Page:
In her first public explanation of her role in a controversial LAX contract, Los Angeles airports Executive Director Gina Marie Lindsey on Monday appeared to reassure airport commissioners that she did not improperly influence the hiring of a major engineering firm to manage airport modernization projects.
At issue is whether Lindsey manipulated the evaluation process to award a one-year $25-million contract to DMJM Aviation Inc., a Florida company that will oversee the capital-improvement program at Los Angeles International Airport.
The firm was selected by airport commissioners in March although Bechtel Corp. of San Francisco initially was recommended for the contract during the airport's evaluation process.
After weighing bids from competing companies, a review panel recommended 4 to 1 on Jan. 8 that Bechtel be awarded the project management contract, airport records show. A second review panel, convened Jan. 15-16, voted 5 to 0 in favor of DMJM.
Airport sources, who spoke on condition of anonymity, have said that Lindsey was unhappy with the Bechtel recommendation and ordered the second review, which she attended.
But under questioning by airport commissioners at their regular board meeting Monday, Lindsey said members of the first evaluation panel wanted the second review because they were concerned they did not have enough information about either company.
She told commissioners she supported the idea so the evaluation panel could get all the facts before making a recommendation on which firm the board should hire.
Lindsey said she had no motive for attending the second hearing except "to see what was being asked and what the answers were."
Her explanation was backed up by Steve Martin, the acting chief operating officer for Los Angeles World Airports, who participated in the evaluation panels.
"After the first round, there was contention on the panel over whether we had all the facts," Martin told airport commissioners. "We thought about the option of a second review."
Martin said that during the second evaluation panel, members focused on how well the staffs of each company could work with the LAX staff as well as each firm's level of commitment to LAX.
At the board meeting, Lindsey also denied accusations that she wanted DMJM Aviation because she liked the work of its president, Loren Smith, who, as an executive of another company, had participated in the modernization of Seattle-Tacoma International Airport when she was executive director there.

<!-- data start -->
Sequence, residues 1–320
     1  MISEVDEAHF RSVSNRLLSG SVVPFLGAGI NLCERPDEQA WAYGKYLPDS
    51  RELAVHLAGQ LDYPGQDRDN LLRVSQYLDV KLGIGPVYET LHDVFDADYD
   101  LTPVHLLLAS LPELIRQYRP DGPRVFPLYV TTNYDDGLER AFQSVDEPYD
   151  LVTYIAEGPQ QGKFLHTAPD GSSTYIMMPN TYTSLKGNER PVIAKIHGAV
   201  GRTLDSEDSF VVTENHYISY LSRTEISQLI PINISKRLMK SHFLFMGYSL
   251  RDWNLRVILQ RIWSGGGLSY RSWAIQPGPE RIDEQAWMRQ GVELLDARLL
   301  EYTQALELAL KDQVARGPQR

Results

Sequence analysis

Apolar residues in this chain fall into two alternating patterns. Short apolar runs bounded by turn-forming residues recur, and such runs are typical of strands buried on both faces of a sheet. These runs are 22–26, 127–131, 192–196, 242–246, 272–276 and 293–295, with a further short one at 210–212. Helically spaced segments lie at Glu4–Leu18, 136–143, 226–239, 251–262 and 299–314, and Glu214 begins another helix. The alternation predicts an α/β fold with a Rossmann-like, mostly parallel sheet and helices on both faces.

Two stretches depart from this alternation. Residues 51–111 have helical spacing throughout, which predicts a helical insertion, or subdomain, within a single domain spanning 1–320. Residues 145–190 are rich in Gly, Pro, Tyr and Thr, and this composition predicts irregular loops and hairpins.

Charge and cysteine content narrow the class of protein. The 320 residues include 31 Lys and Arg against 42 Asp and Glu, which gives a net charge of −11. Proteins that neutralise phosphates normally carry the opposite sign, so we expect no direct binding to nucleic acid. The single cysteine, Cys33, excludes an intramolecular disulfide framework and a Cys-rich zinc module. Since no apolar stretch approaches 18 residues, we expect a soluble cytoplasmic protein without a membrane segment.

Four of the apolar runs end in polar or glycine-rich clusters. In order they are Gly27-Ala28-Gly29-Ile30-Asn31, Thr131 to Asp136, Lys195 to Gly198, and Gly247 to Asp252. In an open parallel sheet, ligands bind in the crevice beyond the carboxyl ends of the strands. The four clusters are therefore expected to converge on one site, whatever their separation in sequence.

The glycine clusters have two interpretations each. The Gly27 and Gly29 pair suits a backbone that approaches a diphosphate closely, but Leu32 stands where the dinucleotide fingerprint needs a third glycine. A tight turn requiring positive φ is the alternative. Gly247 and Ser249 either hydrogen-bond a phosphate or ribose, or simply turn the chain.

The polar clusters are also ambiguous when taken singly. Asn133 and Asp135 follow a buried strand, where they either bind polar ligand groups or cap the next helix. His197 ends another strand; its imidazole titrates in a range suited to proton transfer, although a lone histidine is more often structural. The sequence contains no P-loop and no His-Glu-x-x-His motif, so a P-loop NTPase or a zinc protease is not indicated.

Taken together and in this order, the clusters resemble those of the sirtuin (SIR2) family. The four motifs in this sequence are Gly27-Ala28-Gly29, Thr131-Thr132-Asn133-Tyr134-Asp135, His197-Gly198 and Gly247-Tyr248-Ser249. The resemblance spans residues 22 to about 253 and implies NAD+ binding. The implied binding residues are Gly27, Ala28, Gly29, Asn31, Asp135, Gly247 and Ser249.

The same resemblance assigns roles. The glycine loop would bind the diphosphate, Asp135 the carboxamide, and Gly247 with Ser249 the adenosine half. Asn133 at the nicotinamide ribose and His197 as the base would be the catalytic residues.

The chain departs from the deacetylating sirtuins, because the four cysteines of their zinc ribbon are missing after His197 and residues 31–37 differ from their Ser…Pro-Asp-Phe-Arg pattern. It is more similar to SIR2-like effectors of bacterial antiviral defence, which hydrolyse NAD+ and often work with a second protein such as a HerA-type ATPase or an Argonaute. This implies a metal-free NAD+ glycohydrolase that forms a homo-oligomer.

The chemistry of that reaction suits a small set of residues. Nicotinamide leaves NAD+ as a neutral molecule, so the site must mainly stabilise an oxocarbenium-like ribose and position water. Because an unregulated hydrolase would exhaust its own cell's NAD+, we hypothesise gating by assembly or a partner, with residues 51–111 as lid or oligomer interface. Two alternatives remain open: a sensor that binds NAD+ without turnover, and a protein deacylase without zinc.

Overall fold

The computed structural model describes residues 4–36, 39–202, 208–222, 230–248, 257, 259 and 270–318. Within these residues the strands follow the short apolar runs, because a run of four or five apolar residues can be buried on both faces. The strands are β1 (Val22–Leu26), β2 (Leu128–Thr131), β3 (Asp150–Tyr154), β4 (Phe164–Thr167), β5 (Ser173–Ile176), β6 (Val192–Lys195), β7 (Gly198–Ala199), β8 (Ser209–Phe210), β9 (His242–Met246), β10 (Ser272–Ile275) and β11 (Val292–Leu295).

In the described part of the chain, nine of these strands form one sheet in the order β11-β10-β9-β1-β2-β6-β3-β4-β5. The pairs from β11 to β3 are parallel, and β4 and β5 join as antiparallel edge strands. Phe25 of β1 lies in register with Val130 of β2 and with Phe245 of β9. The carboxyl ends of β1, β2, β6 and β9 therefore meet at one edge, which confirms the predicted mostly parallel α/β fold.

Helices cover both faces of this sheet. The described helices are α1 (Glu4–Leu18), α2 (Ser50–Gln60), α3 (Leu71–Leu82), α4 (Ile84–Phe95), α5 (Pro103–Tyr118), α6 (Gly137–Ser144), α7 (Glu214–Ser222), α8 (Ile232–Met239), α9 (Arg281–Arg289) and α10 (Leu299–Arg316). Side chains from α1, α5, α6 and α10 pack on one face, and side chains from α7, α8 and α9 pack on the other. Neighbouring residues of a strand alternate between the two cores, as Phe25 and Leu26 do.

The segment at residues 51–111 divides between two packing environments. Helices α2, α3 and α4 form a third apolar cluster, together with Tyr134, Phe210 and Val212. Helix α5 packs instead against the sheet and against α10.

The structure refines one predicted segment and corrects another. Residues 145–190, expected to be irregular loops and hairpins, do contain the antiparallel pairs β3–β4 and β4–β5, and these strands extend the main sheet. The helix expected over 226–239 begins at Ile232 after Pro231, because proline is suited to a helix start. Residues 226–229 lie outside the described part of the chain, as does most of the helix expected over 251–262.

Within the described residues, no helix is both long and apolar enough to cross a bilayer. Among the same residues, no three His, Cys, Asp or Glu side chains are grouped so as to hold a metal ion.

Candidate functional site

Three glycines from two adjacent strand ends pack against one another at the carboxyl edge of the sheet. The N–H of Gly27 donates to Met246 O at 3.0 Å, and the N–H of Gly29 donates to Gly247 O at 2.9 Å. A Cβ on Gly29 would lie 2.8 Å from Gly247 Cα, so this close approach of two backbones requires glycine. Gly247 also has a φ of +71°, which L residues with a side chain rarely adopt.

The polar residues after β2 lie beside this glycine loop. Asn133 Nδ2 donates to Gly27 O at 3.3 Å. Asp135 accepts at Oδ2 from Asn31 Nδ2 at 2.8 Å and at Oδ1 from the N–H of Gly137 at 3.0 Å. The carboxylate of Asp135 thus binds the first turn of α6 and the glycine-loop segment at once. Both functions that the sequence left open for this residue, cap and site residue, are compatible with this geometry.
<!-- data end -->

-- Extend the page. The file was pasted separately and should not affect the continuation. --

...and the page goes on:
"There was no relationship," she said.
The statements by Lindsey and Martin seemed to satisfy most members of the airport commission, which has been dealing with the controversy and media reports about it for more than a week.
They praised the review for its "openness and transparency" and reiterated their support for Lindsey, who was hired to jump-start the LAX modernization plan, which has been slow moving for decades.
"What we have been going through is healthy. The public can learn how contracts come to be," said Commissioner Walt Zifkin.
"I'd expect the executive director to be involved in the evaluation and recommendation process. To exclude her from the process is mind-boggling. It's a nonstarter for anyone."
Board President Alan Rothenberg agreed with Zifkin, saying he "wholly supported" the role of the executive director and that the review of the DMJM contract "reaffirms my confidence in the system.
"The rumor and gossip has been unfair," Rothenberg said. "I am 1,000% confident in the executive director and the staff. I'm sorry we have to go through this process, but I think we will be better off because of it."
The commission hearing is the first of several reviews of airport contracting scheduled for this week.
The Los Angeles City Council is to decide today whether to review and take jurisdiction over another LAX contract, awarded to Fentress Architects.
The council has the power to recommend to city departments that contracts be approved or rejected.
On Wednesday, two City Council committees will question Lindsey and other airport staff.
In addition, the city controller's office is reviewing the two contracts.